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Now That You've Stopped Blaming Yourself For People Leaving You, What's Next?

Por: Andrea Mejía 13 de septiembre de 2017

I bet at some point in your life you've felt as if someone left you because of something you did. I guess most of us feel like that many times throughout our lives, especially when we end a relationship. You must have thought at some point of your life, “What did I do wrong for X person to leave me?”, “This is not the first time someone leaves me. There must be something wrong with me,” or, “What can I do so people don't leave me?”

The simplest piece of advice I can give you is to stop blaming yourself when someone decides to leave. I could say that you're not the problem, that it's the other person, and that they don’t know what they’ve lost because you’re amazing and no one deserves you. But I’m afraid things aren’t that simple or that dramatic. Don’t get me wrong, I’m sure you're an amazing person, and there are many people who love your originality and believe no one could ever replace you. However, just stop for a moment and think about this for a second: just as you are irreplaceable, there are millions of people out there with unique stories of their own, different ways of processing things, and different reasons why they’ve left or been left behind. And in all the relationships you've ended, with all the people who have left you ––and the complex stories each one of them brings––, the common denominator is still you.

Now, if you haven’t said by now, “this is b**llsh*t,” and decided to stop reading this, you might be asking yourself, “so you’re actually saying it’s my fault they’ve left?” And here I’ll tell you to pay attention to the words you’re using, particularly the word “fault” (or “blame” if you went for other wording). Let me ask you something: Is there really someone to blame? Why should you blame yourself if someone else leaves? Why should anyone be blamed at all for their decision? That was their choice, and it might have hurt you, but if you really want to solve this, if you’re really willing to move on from the fact that someone didn't want to stay with you, you must understand that they had a reason to leave.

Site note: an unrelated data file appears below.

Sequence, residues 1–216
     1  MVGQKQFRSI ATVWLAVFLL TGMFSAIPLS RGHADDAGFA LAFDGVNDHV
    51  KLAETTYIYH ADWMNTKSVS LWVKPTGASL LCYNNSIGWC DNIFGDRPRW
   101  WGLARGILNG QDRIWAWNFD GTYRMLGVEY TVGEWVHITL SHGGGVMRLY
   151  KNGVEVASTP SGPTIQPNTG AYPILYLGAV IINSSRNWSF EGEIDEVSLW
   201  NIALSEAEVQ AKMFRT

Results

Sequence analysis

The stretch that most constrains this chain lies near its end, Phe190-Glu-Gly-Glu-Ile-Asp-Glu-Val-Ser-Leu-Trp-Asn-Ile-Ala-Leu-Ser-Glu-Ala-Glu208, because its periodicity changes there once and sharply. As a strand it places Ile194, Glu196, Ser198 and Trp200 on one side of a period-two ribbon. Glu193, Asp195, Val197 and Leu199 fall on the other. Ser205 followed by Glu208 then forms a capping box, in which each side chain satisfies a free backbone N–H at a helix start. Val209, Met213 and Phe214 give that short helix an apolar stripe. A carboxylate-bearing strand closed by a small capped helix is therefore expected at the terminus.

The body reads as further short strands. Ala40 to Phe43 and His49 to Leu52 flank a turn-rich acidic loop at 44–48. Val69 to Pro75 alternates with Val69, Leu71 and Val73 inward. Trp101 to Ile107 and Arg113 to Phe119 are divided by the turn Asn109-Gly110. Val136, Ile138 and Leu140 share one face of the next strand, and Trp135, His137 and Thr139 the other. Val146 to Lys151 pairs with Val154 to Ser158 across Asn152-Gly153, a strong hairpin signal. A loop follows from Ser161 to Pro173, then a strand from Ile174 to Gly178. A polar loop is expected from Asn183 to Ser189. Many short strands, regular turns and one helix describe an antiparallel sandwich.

Even if you’ve known someone for years, you’ll never know for sure what is going on in their mind or in their heart. As I said before, everyone is unique, and so is their story and the things they experience. Perhaps when you first met that person, you had similar plans, ideas, sense of humor, and you were willing to get to know each other. However, even if you share your life with this person for a while, you still have different backgrounds, you go through different experiences and are constantly changing in the way you see the world and what you want for your life. And maybe with all that changing and growing (or regressing in some cases), the distance between your paths starts growing more and more, until it’s better to let go of the other person. Of course, saying goodbye to someone you care about isn't easy, but blaming them or yourself for leaving won’t solve anything or bring healing. In fact, it’s more likely that, if you keep looking at your relationships under that lens, the story will repeat itself again and again.